Sheriff David Clarke Jr. of Milwaukee County, Wisconsin salutes the crowd at the Republican National Convention in Cleveland, July 18, 2016. REUTERS/Mike Segar

Donald Trump's ascension to the White House means one of the president-elect's top priorities will be to name a cabinet to help lead the U.S. forward. With the lingering threat of terror attacks in the U.S., the leadership of the Department of Homeland Security may take precedence for Trump.

One person reportedly under consideration for the position is David Clarke Jr., the Milwaukee County sheriff who made a national name for himself after speaking at the Republican National Convention in Cleveland this summer. The 60-year-old African-American law enforcement official's reinforced his support for Trump by describing the protesters demonstrating against the president-elect "radical anarchists" Wednesday night.

The police official's career began in 1978 and he was elected to his current post in 2002. He was recognized in 2013 as the national Sheriff of the Year for "demonstrating true leadership and courage. . . staying true to his oath, true to his badge, and true to the people he has promised to serve and protect."

But Clarke has spoken out vehemently against the Black Lives Matter social justice movement and called for "pitchforks and torches" to stop what he predicted would be a "rigged" presidential election. Now that his candidate has won, his loyalty could be repaid by Trump in the form of a cabinet appointment.

"This anti-cop sentiment from this hateful ideology called Black Lives Matter has fueled this rage against the American police officer," Clarke told CNN's Don Lemon after a civilian killed three police officers in Baton Rouge, Louisiana in July.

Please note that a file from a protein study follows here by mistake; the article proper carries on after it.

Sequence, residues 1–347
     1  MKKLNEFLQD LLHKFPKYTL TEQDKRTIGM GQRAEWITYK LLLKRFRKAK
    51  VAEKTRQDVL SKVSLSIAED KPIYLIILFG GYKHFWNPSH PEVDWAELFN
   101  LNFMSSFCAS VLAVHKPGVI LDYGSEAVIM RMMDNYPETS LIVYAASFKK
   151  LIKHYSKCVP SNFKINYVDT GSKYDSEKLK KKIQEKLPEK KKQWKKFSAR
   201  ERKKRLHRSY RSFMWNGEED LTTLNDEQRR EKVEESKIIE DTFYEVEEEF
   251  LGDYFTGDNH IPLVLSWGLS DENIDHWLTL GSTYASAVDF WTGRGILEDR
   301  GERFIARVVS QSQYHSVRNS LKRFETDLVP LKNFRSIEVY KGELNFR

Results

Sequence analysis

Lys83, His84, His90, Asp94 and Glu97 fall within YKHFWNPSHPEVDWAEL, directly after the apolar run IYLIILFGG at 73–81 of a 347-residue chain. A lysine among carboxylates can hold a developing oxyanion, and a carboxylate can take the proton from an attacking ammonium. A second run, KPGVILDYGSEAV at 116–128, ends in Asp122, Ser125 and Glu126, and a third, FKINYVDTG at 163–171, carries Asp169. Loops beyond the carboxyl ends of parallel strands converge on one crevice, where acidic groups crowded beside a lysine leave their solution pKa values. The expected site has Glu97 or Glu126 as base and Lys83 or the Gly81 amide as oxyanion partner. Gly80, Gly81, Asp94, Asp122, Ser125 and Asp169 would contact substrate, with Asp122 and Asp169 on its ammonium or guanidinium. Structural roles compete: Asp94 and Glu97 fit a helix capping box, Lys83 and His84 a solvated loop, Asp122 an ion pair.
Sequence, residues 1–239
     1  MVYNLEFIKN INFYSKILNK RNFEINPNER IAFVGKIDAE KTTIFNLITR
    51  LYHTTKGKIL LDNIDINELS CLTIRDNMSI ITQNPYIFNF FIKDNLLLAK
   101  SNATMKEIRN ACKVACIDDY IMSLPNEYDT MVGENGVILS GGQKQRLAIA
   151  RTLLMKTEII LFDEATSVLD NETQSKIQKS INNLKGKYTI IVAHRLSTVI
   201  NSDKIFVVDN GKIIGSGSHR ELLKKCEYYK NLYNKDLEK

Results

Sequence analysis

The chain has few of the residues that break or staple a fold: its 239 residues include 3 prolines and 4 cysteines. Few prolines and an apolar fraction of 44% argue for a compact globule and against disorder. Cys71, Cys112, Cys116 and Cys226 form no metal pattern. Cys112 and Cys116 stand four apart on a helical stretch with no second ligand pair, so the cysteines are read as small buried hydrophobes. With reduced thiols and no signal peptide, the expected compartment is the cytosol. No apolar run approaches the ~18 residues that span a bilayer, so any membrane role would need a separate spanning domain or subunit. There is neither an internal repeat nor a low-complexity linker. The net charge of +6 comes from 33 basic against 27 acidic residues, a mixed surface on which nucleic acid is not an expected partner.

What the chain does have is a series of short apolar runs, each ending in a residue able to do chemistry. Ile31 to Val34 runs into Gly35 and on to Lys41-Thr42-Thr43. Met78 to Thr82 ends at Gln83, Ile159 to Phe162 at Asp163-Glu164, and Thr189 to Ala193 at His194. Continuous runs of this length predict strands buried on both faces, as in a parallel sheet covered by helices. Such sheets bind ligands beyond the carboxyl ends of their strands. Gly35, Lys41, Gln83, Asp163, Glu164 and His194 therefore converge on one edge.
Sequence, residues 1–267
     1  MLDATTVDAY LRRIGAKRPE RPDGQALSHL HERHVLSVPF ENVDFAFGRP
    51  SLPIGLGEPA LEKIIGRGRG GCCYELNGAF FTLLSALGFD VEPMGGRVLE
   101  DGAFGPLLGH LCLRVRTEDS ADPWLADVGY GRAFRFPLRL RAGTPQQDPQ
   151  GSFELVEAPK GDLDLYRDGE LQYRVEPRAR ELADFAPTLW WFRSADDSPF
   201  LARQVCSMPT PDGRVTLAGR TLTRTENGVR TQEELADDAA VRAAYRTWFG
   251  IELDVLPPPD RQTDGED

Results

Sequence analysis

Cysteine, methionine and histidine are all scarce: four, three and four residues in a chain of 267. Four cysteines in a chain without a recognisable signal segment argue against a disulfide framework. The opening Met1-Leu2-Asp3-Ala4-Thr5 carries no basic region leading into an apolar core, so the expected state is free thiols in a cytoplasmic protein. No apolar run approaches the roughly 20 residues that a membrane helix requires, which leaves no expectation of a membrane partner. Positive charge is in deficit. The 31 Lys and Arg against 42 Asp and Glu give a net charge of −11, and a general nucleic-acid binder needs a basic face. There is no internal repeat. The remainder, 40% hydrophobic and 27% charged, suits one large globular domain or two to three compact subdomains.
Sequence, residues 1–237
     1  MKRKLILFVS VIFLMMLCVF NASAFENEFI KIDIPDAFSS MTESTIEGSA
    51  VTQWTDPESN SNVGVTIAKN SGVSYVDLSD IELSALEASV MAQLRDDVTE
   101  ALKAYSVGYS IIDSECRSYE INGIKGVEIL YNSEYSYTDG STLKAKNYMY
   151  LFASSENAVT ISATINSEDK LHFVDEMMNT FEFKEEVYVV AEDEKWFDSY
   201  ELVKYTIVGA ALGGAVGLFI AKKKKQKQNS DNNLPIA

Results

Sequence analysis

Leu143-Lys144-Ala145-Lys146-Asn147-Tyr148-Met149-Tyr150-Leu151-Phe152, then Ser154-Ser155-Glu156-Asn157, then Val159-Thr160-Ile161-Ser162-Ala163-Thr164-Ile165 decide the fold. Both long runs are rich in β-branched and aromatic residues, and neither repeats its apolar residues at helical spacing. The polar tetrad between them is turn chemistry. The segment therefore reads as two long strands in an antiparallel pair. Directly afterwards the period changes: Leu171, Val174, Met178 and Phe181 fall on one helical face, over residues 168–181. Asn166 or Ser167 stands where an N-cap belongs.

Those types of comments along with Trump's defense of and vow to reinstate unconstitutional stop-and-frisk policies in urban environments have some people fearing a possible police state in the country's cities that are lopsidedly populated by minorities. Trump has previously said he would be the "law and order president," which could also foreshadow Clarke being named to lead DHS.

After an audiotape leaked of Trump making lewd comments about women, Clarke used a vivid metaphor to underscore his opinion that the then-candidate's remarks were irrelevant to Republican voters. "They came out swinging, came out with pitchforks and torches to support their candidate," Clarks said last month.

Trump in the White House means his presidency is "going to be the best thing that has happened to the black community since Dr. Martin Luther King Jr.," Clarke predicted last week.

However, Clarke seemed to allay any concern over his reported consideration for the lofty position.

"There has been a lot of speculation as to what a Donald Trump win might have on my future," Clarke wrote in a brief statement Wednesday. "Let me make this clear — I am the sheriff of Milwaukee County. I will continue to be the sheriff of Milwaukee County until I am no longer the sheriff of Milwaukee County, at which time I won’t be the sheriff of Milwaukee County. Anything other than that is pure speculation. I supported Donald Trump because I believed in his leadership at a time when this country needs it most."